Stay by Andrew Jamison

‘Clearly enraptured with language and sound . . . Jamison is an impressive new talent and Happy Hour reveals him as a multi-faceted poet with a bold and unique voice.’
— Madeleine Callaghan, Irish Literary Supplement.

Ben Wilkinson, in the TLS, praised the ‘energetic, demotic, wistful yet upbeat tones of Andrew Jamison’s entertaining, enjoyable first collection’. Kathleen McCracken, in The Yellow Nib, found in it a poetry that ‘boasts formal dexterity and an engagingly idiosyncratic way of looking at the world’. Andrew Jamison’s impressive new collection shows a deepening of style and substance. It ranges from recollections of a sojourn in Paris (‘Souvenir’), resorts in his native County Down and various sports stadia to contemplation of ‘Becoming a Box-Set Detective’. As likely to invoke R.E.M. and ‘Joy Division at the Haçienda’ as Georges Bertrand and an anonymous Irish poet, it teases ideas in lavish lyrics until ‘all I think of is coastal road, all a self is, all a county is, where they end’.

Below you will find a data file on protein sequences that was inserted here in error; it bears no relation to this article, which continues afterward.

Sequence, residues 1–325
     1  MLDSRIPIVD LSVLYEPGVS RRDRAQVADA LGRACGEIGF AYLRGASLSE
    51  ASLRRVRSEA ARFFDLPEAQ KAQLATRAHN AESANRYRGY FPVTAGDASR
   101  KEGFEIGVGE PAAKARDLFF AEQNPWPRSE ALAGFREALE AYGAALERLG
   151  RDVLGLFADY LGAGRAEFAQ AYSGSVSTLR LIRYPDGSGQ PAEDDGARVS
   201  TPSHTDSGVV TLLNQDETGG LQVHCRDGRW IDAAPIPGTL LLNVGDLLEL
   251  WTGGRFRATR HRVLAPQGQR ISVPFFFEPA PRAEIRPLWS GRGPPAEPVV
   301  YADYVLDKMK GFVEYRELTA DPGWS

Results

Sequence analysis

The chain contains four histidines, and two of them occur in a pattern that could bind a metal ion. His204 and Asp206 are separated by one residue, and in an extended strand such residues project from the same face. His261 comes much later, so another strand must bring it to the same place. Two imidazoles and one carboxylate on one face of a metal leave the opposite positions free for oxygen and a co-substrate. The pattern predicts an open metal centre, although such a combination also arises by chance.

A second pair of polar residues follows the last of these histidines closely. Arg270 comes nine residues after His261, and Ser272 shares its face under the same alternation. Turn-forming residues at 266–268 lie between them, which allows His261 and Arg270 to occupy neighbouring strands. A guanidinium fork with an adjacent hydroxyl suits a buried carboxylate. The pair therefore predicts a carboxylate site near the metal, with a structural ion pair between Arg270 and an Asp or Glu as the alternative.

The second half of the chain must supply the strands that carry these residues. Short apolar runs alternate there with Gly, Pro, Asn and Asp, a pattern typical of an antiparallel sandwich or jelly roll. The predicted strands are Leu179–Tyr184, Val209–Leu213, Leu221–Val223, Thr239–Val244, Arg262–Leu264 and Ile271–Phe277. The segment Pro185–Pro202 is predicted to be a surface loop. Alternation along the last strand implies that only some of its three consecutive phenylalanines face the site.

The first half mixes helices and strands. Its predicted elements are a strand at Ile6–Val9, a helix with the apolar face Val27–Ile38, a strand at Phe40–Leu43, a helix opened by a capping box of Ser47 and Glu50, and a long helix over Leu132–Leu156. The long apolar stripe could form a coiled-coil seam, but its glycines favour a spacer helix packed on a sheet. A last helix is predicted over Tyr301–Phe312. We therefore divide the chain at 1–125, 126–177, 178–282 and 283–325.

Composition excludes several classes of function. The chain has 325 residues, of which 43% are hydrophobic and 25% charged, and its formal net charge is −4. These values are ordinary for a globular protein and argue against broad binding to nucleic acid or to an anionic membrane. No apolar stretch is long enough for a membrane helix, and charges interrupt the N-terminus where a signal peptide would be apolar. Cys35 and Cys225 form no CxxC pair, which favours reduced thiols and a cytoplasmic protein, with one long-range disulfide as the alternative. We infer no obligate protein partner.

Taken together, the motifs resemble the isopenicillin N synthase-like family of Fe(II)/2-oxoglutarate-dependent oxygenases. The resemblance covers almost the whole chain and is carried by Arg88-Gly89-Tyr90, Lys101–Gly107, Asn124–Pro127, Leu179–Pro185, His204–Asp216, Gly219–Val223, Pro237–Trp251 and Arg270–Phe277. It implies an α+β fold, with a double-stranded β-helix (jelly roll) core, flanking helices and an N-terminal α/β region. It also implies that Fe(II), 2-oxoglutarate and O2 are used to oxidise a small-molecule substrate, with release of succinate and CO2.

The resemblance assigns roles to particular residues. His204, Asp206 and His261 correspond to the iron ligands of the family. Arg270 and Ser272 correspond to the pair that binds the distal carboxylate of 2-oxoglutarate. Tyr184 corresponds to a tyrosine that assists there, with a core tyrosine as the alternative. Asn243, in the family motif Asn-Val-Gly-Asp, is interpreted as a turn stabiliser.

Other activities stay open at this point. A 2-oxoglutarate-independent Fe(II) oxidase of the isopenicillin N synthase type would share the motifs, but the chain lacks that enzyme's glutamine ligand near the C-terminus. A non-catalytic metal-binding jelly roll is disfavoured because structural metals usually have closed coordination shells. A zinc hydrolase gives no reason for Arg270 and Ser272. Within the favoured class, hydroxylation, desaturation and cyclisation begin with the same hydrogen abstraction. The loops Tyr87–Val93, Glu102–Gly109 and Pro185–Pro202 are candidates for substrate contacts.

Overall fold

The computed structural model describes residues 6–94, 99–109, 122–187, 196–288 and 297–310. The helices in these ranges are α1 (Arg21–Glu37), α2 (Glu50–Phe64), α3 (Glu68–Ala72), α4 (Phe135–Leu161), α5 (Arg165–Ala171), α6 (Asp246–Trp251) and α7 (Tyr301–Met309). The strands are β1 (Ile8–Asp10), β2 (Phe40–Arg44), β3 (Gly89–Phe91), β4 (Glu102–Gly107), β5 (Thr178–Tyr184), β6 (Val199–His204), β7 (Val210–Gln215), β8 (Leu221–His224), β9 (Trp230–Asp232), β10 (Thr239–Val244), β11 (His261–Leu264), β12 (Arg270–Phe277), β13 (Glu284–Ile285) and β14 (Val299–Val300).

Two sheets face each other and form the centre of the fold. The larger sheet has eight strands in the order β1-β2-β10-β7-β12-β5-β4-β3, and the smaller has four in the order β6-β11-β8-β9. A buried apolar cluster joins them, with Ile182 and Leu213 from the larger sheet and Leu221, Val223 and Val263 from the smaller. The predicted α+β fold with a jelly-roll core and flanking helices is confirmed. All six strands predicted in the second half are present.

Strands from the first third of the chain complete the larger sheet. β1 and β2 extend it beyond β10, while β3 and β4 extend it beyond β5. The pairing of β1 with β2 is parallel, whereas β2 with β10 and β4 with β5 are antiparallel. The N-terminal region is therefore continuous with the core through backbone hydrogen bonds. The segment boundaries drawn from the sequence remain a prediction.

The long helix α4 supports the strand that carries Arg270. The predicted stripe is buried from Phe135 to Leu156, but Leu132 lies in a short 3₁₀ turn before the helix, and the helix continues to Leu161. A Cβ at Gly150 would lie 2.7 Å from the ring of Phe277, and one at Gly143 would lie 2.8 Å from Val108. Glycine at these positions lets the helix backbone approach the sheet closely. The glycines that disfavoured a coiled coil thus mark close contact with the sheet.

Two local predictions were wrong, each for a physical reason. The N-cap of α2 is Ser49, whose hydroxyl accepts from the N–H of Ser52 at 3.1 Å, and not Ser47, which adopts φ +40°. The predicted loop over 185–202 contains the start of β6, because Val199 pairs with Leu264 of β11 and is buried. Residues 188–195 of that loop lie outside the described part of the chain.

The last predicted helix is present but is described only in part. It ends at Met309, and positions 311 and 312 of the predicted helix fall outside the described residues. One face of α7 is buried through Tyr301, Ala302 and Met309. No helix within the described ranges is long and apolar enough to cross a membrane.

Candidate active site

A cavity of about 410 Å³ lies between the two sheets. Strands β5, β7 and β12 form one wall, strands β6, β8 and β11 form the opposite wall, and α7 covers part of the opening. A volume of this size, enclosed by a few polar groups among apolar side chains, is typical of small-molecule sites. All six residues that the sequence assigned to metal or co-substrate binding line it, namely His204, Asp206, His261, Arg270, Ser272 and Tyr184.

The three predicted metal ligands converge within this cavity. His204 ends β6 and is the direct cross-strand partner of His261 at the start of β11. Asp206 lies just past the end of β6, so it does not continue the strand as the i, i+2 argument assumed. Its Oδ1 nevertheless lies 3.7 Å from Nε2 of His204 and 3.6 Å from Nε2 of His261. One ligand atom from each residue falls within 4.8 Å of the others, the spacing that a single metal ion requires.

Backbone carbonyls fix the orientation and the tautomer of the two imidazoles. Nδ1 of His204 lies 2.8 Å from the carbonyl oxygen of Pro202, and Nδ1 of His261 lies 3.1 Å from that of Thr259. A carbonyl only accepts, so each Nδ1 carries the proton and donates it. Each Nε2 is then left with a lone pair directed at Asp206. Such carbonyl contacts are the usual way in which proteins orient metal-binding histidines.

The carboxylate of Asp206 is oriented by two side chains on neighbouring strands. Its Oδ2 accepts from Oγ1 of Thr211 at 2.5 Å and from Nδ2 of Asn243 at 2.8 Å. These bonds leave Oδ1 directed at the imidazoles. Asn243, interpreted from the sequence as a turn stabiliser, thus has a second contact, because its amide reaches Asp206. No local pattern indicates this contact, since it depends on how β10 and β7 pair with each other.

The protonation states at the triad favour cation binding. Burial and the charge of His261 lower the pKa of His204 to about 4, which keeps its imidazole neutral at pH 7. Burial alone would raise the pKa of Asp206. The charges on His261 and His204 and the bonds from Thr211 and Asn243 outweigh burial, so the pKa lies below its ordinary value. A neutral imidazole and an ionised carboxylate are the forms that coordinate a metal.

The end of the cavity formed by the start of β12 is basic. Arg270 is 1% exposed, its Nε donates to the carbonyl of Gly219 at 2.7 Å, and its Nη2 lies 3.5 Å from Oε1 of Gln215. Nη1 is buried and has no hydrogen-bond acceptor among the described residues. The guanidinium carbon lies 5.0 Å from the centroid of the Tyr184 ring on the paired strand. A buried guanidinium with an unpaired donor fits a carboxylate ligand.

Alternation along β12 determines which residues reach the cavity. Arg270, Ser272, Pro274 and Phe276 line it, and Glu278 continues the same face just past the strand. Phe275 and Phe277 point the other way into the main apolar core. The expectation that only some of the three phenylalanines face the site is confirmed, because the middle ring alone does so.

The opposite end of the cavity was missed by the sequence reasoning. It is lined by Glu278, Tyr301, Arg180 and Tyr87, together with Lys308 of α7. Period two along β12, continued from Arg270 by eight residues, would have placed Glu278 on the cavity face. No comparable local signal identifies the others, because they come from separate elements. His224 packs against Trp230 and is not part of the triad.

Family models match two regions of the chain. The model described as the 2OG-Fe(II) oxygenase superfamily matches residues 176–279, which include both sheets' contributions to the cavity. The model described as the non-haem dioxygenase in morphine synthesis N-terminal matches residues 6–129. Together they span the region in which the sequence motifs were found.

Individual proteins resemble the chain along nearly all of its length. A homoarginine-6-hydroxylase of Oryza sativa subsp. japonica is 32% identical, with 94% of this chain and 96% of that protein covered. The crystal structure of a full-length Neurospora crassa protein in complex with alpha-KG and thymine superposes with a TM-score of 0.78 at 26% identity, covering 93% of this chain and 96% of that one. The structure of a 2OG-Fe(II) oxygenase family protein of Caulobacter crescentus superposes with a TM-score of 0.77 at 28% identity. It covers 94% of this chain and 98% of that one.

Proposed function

Publication date: 28 September 2017

 

Olympia and the Internet – Derek Mahon

Best known as a poet, Derek Mahon here gathers a further selection of recent prose pieces, autobiographical, critical and speculative, in a similar mode to his Red Sails (Gallery, 2014), notably on cinema, revision, clouds, caravans and horizons. The volume includes ‘Rubbish Theory’, reflections on refuse in contemporary culture, and ‘The Rain Bridge’, a story for children. ‘School Photo and Early Reading’ remembers his young days in North Belfast; as does ‘Olympia and the Internet’, in praise of typewriters and dis-praise of information technology.

Publication date: 28 September 2017

 

 

 

The Rain Bridge – Derek Mahon with drawings by Sarah Iremonger

There once was a boy who fell in love with a bridge. It was a beautiful bridge . . .
So begins The Rain Bridge, a story by one of the finest living poets, written for his son, then aged six. It is a tale of loss, kindness and recovery. Sarah Iremonger’s illustrations match, in their simplicity, the purity of the author’s style. Derek Mahon’s book for children has the force and timeless effect of a parable.
‘. . . the heavy rain fell on the hills, and the stream became a river, and the river became a torrent, and the bridge the boy loved was washed away.’
Publication date: 21 September 2017
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